Talk:intersex

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adjective usage[edit]

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adjectival usage
  • The reason I reverted you (and will shortly do so again) is because what you added is just too full of mistakes. I have no quarrel with intersex being used as an adjective, but first of all you need to define it. The definition you put of intersex was ‘pertaining to intersex’. Can you see the problem there? Secondly, you need to find some better citations which clearly show adjectival use; at the moment the Guardian quote reads much more like an attributive use of the noun. Can an organism be, for instance, ‘more intersex’ than another? I don't know, but that's the kind of citation you need. And finally, you changed the noun definition in a way which is unsupported by the citations. It read ‘an individual...’ and you made this ‘a condition...’. But the citation describes an egg ‘developing not into a male but into an intersex’, which now makes no sense at all; the egg has developed into a type of individual organism and not into a ‘condition’. If you think the noun can be used to describe the condition as well, then you need to add a SECOND sense to that effect and support it with relevant citations. Until then the old version is better. Ƿidsiþ 09:24, 23 January 2011 (UTC)
    • I fixed it up with the clarifications and provided examples as well. Nicoleta 09:35, 23 January 2011 (UTC)
  • Yes, but you just made up your own examples, which with the best will in the world proves nothing. You need to add referenced citations. I've done it myself now, have a look....although it's still not very clear that it's a true adjective. Ƿidsiþ 10:07, 23 January 2011 (UTC)
    • You wouldn't introduce your friend Jill as being "an intersex." That's not very polite, the preferred terminology is to say "Jill is intersex" or "Jill is an intersex(ed) person." "Intersex" in the nominal usage is rare (or at least dehumanizing) for describing people. I'm not a biologist, so it may be different for describing other organisms. We do need the adjectival sense though. Nicoleta 10:14, 23 January 2011 (UTC)
  • OK, I tagged it biology, zoology to show it's not usually used in normal speech. Ƿidsiþ 10:16, 23 January 2011 (UTC)
    • The second sense is the most common one, I'm going to flip them and move this conversation to Talk:intersex. Nicoleta 10:21, 23 January 2011 (UTC)


RFV[edit]

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At first look I see no evidence that this is used as a true adjective rather than attributive use of the noun. I searched for "too|very intersex" and "more intersex than" at Google Books, News, Scholar, Groups. See Wiktionary:English adjectives. DCDuring TALK 13:24, 23 January 2011 (UTC)

I've split this into two senses, one describing people and one of the "of or pertaining to" sort. I think the former is an adjective, and I've cited the former by adding three predicative cites from Google Books that I think demonstrate as much. The latter is ambiguous, since it's a non-predicating modifier (like presidential in "presidential candidate"; "presidential candidate" does not mean "candidate who is presidential", or at least, not usually). Nouns and adjectives can both be used as non-predicating modifiers; it's certainly more characteristic of nouns than of adjectives, but if we've already got the adjective section, I don't see a problem with keeping that use there. —RuakhTALK 15:32, 23 January 2011 (UTC)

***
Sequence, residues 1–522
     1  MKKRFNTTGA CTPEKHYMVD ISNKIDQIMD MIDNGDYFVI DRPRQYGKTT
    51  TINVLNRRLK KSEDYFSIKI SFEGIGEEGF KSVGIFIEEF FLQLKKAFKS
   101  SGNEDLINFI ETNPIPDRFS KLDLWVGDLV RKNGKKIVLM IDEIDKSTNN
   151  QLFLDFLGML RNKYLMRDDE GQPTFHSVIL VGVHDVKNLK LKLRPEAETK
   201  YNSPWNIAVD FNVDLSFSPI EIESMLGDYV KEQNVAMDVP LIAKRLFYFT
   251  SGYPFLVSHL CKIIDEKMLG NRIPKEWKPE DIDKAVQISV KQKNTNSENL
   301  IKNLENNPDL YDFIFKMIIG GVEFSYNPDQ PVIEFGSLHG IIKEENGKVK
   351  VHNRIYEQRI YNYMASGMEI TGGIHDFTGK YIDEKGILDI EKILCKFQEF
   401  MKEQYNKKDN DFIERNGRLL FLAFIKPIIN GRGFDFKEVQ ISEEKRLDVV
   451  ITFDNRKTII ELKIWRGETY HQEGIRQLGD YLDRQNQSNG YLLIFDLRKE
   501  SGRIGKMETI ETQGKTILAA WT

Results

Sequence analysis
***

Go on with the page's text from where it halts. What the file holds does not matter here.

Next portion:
I should have mentioned that my reading of the usage suggested that this term has "wanted" to be an adjective lately (~10 years) and was likely to become one. One can find "too|very intersex" and "more intersex than" on the Web, but not from our preferred sources. The cites look sufficient to me. DCDuring TALK 16:26, 23 January 2011 (UTC)
It seems misleading to me to characterize the other sense as a true adjective without evidence. It would be somewhat surprising that a noun sense that is mostly technical in its usage would be used as a true adjective. DCDuring TALK 16:35, 23 January 2011 (UTC)
Re: "It would be somewhat surprising that a noun sense that is mostly technical in its usage would be used as a true adjective": Right, but it's perfectly normal that an adjective that is not mostly technical would be used in extended senses. Transgender people form transgender groups, intersex people form intersex groups. (Actually, maybe the problem here is that even the split off sense "of or relating to intersex" needs to be split into two: "of or relating to intersex people" seems to be a non-predicating use of the adjective, whereas "of or relating to the condition of intersex" seems to be attributive use of the noun. The two blur into each other, of course, but the latter is technical/medical/clinical whereas the latter is not. And perhaps the (of an individual) sense needs to be (of a person) instead, since use to describe non-human animals is a technical use, and not likely to have become an adjective.) —RuakhTALK 16:50, 23 January 2011 (UTC)
We will get this right with a little more tweaking along the lines you mention or, perhaps, a generalized first sense, perhaps confined to persons. (Though I understand that anecdotes about non-human individual are used not-so-technically in polemics.) DCDuring TALK 18:02, 23 January 2011 (UTC)
I have added two quotations to Citations:intersex; I am not certain which adjective sense they use. - -sche (discuss) 08:44, 11 August 2011 (UTC)
I have removed the sense "of or relating to intersex"; all of the other senses pass. - -sche (discuss) 23:23, 1 September 2011 (UTC)